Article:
The compounding effect is such that the longer the time, the bigger the money will grow to! For example, a $100,000 invested with a compounded return of 8 per cent a year, will: in 10 years grow to $216,000; in 20 years grow to $466,000; and in 30 years grow to $1,006,000!
It's never too late to start. And from your own experience, you can pass on to your next generation the 'correct' way to invest their hard-earned money.
Also, it is not true that we have no time to manage our own investment. This is the misconception that so-called 'experts' perpetuate to mislead us, so that they can slowly take away our money through the 'clever' knowledge of investment! Remember Bernie Madoff? (How cleverly he cheated his clients!)
It is not a time factor, nor a cost matter. It is a matter of focus and priority. So equip yourself with good knowledge and attitude of investment. There are a few good books to teach/guide us.
The Richest man in Babylon;
Rich Dad and Poor Dad;
Who Moved My Cheese?
The Intelligent Investors;
Beating the Street;
Common Stocks and Uncommon Profits;
Books on Buffett's investment strategy, including The Warren Buffett Way; Buffettology; The New Buffettology.
You can finish reading these books within one year and they will cost you less than $2,000! This is another way to self-study an Investment MBA course.
Yes, it is simple but yet not so easy. It needs determination and belief that this is the right and only way. 'Yes, you can!' as Mr Obama would say.
Good luck and have a happy life. It's achievable if we choose the 'right' track. Laziness and greed are the biggest enemies! And no 'quick money' mentality, please!'
Well put indeed. To readers who have written in to ask which are the good investment books, perhaps the list above is a good place to start.
Along the vein of 'experts' trying to profit from the uninitiated, another friend pointed out to me what he deemed to be the latest instance of that - the just launched POSB's MyHome Fund.
Managed by DBS Asset Management (DBSAM), the fund will invest in two exchange traded funds (ETFs) - namely the DBS STI ETF and ABF Singapore Bond Index fund. Both ETFs are listed on the Singapore Exchange. Depending on risk appetite, investors can choose from two portfolios offered which differ in their allocation to the two ETFs.
Why pay DBSAM a fee of 0.5 per cent when investors can buy both the ETFs directly from the market, he asked. Some observers see the MyHome Fund as a ploy by POSB - a unit of the DBS Group - to raise funds for the DBS STI ETF which hasn't attracted that much monies since its launch earlier this year.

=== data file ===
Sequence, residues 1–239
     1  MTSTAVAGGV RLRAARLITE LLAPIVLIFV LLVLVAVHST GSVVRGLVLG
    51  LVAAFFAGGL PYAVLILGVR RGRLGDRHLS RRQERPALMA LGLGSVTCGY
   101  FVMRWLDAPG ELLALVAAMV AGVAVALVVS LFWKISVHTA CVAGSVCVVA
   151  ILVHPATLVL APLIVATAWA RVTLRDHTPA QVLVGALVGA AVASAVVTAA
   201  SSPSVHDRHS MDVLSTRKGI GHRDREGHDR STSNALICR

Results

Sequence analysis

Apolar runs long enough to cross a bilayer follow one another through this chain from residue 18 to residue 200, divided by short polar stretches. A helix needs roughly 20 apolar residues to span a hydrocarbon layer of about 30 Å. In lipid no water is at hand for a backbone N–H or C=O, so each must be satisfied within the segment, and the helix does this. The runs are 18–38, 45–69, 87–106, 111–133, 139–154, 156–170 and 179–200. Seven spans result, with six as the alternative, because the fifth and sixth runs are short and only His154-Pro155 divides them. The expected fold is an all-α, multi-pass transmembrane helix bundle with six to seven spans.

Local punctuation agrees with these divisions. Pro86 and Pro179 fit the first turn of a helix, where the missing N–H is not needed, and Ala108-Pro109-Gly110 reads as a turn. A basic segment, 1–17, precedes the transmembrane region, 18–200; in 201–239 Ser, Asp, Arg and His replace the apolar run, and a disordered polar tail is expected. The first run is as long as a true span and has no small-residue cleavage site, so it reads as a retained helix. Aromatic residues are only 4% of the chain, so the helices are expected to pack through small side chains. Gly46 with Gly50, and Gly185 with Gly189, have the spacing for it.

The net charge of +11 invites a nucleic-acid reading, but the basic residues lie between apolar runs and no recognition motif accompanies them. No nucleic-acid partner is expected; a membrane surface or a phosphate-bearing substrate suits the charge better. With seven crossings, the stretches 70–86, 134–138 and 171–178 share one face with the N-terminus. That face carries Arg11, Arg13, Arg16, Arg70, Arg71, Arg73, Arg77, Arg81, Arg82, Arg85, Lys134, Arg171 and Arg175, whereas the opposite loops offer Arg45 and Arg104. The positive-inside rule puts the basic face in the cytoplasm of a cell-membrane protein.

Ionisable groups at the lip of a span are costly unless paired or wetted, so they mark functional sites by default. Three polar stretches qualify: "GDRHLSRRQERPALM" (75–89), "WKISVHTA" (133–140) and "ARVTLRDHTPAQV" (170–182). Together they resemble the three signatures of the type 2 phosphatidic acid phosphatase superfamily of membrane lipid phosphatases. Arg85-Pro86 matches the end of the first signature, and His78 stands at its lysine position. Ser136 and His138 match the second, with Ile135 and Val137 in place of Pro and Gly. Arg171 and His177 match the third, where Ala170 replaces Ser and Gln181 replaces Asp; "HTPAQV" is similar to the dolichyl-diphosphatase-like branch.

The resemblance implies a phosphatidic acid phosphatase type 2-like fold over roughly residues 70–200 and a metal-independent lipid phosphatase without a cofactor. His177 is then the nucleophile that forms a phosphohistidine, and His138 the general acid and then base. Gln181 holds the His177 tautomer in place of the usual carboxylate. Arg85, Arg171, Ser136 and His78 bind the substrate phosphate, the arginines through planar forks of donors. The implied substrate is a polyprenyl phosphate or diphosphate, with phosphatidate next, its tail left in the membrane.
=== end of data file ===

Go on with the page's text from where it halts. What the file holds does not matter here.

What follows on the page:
Another friend cheekily said they could launch their own 'Milk the People Fund'. 'That's why learning to invest or at least understanding the gist of it should be rated as an essential life skill in this world of sharks that we live in,' he said.
'Sadly, most laymen will not be able to pass it down to their kids. [Createwealth8888: The purpose of this blog is to record the truth and fact of investing down to our kids] And these kids will grow up wondering how to invest, read the ads in the papers and end up enriching those guys selling trading programmes or courses but still end up nowhere.'
Also commenting on the MyHome Fund, the website The Book of Wise Investors concluded: 'Finance companies, insurance companies and banks are not benevolent donors to your wealth. The most important fact in growing your hard- earned money is really more financial literacy and not paying unnecessary expenses for nothing.'
But to be fair, as pointed out by financial adviser Martin Lee of Den of Lion Investors, MyHome Fund investors don't have to incur costs rebalancing their portfolio. For investors who want to do regular investments of $100 to $1,000, the upfront costs will be lower via the fund.
Also, according to him, if MyHome Fund manages to attract a big pool of money, its manager - DBSAM - may be able to get the manager of the DBS STI ETF, also DBSAM, to create units at net asset value. Hence, investors would save on the bid-ask spread, a cost that someone who buys the ETFs directly from the market will have to pay.
My take on all these is: Do your own research, and weigh the costs and benefits of any investments you intend to make. Then decide for yourself whether they suit your needs. Nobody else but you should be the most diligent in safeguarding your hard-earned money.
The writer is a CFA charterholder